Google has announced the completion of its acquisition of wearable company Fitbit. The announcement was made by Google Senior Vice President, Devices & Services…
In July 2011, I reviewed a beautiful note-taking app for iPhone called ‘Molenotes’. If you read the review you’ll remember that I fell in love with it for the way it was designed to look and feel just like the original Moleskine notebooks. I thought, and still think, that it was what the official Moleskine app should’ve been. It was a beautiful, intuitively designed piece of brilliance that brought the feel of an actual notebook to the iPhone. Since then, Fabulously Retro were forced by Moleskine to change the name due to the copyright infringement and it was then rebranded ‘Meernotes’. Now, more than a year later, they’ve released Meernotes II, so lets take a look and see what improvements have been added.
Meernotes II is not just a small jump from the original version, it is a complete overhaul and redesign of everything it was when it first came out. Of course, in principle, it is just a notes app with a beautiful aesthetic edge, but what sets version two apart are the new sets of gestures and features that simplify the process and get you to the core function faster than before.
The bookshelf that you’re greeted with in the beginning has been redesigned and looks so much better than the original version. The wood texture is beautiful and features a logo that looks like it has been pressed into the dark wood of your screen, pure design pleasure.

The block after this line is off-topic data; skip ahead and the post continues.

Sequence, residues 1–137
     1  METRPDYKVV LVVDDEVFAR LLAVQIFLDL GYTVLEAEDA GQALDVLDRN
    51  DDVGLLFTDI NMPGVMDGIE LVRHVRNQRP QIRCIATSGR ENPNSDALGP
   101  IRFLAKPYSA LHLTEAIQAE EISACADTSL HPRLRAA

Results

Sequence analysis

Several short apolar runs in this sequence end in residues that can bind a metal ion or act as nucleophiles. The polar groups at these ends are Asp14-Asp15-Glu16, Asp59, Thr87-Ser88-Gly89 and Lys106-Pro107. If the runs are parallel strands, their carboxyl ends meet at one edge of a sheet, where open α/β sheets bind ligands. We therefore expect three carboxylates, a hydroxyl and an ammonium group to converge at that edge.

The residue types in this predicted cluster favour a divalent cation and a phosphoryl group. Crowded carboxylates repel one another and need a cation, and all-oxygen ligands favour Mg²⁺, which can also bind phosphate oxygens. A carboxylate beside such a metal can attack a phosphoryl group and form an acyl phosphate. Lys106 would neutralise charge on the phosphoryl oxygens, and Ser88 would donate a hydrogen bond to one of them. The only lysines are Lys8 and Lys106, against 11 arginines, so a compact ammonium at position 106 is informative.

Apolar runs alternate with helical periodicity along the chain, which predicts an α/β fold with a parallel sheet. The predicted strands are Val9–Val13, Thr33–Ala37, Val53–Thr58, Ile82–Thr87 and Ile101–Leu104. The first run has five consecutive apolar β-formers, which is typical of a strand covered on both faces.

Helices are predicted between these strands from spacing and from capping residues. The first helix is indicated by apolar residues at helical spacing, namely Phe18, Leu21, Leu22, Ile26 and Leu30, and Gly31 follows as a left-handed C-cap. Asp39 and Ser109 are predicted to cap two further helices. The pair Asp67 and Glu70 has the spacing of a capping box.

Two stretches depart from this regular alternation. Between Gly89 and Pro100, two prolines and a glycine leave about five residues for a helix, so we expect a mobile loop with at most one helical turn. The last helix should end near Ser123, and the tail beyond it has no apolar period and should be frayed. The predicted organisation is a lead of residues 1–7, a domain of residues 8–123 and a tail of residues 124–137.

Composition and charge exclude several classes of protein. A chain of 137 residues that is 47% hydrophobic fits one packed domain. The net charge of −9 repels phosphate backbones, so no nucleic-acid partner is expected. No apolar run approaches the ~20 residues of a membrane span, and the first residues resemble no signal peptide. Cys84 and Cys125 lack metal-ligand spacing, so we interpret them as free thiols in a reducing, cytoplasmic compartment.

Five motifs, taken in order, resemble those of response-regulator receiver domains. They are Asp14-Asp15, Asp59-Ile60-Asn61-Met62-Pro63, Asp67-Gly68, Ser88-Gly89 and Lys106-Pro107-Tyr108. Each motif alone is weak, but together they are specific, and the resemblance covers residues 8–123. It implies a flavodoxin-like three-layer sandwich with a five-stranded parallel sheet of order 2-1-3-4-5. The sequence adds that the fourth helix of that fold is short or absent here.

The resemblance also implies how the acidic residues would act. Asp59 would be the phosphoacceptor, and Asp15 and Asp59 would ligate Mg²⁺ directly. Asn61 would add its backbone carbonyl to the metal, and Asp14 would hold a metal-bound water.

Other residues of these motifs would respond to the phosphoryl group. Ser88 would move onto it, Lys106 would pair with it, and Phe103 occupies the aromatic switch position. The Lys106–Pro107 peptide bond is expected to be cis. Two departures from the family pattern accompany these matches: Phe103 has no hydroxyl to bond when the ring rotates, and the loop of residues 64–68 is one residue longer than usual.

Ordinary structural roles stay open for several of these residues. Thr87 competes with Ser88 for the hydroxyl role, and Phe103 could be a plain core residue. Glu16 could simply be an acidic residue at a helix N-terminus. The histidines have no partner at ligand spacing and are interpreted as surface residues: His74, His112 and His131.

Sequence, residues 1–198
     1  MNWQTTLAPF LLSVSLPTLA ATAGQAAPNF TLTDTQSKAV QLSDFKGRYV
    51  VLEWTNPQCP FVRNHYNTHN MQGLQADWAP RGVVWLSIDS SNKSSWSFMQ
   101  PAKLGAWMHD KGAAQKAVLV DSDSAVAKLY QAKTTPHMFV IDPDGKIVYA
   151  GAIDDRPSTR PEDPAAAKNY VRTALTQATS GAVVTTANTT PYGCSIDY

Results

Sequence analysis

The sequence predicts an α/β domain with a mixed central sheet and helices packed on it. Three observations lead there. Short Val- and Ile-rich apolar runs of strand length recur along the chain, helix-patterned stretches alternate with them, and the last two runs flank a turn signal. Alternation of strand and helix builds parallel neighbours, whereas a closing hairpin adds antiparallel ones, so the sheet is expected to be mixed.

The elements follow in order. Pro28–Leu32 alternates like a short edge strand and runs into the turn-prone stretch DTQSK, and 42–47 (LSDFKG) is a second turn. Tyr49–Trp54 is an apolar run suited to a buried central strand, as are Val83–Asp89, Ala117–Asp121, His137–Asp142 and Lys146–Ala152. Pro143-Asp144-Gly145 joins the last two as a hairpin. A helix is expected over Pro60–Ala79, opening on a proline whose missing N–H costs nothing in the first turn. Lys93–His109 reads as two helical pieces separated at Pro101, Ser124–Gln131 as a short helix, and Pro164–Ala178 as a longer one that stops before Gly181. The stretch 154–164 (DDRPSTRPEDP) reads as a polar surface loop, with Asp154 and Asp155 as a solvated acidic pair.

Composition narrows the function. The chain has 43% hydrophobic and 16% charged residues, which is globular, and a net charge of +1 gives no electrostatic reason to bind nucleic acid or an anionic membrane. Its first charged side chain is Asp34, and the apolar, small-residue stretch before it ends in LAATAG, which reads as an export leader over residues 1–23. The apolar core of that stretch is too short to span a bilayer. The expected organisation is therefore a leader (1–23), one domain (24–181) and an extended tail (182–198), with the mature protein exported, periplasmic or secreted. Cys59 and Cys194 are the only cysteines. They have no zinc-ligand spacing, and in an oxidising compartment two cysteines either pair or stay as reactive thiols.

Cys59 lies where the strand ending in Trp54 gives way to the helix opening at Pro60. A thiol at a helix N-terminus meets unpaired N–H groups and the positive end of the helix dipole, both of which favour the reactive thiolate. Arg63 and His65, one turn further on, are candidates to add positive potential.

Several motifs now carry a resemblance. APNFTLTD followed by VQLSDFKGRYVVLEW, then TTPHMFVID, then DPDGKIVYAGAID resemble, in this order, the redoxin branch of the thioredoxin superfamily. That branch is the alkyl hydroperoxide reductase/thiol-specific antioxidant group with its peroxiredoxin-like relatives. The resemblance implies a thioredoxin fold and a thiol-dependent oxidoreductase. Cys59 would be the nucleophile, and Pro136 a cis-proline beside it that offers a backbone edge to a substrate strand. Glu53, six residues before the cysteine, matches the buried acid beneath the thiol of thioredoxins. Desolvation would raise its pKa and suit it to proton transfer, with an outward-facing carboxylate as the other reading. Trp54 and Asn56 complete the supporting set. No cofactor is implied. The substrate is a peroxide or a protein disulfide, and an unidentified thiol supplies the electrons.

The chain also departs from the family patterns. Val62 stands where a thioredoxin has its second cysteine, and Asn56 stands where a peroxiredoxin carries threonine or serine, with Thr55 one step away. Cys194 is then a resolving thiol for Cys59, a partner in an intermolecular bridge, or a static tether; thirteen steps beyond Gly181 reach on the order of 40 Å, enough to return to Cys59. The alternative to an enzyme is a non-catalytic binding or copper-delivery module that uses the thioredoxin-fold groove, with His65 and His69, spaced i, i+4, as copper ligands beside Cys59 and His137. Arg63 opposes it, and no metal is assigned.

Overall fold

There are some new notebook covers and font styles to choose from, as well as a few styles that you can buy through the app. Notebooks now feature content pages for easy navigation and sorting of your pages and the app allows you to post pictures in your notebooks too (Camera+ support comes standard with the new version).
The most important update for me however, has to be the new gestures that make this app smooth and easy to use. While writing in one of your notebooks, swipe down a bit and you’re given the option to return to the page of contents, go even further and you can watch yourself close the book and go back to the bookshelf. Swipe up on a page a bit to add a new page, go a little further and you can add a photo, it really is little innovations like these that make a big difference to me. What it also helps with is the uncluttering of the screen, in other words, the buttons normally associated with tasks like I’ve described above are replaced by intelligent gestures that eliminate the need for buttons altogether.
In summary, with all the new features and design tweaks, Fabulously Retro have managed to turn a great app into a brilliant app. Make sure to check it out.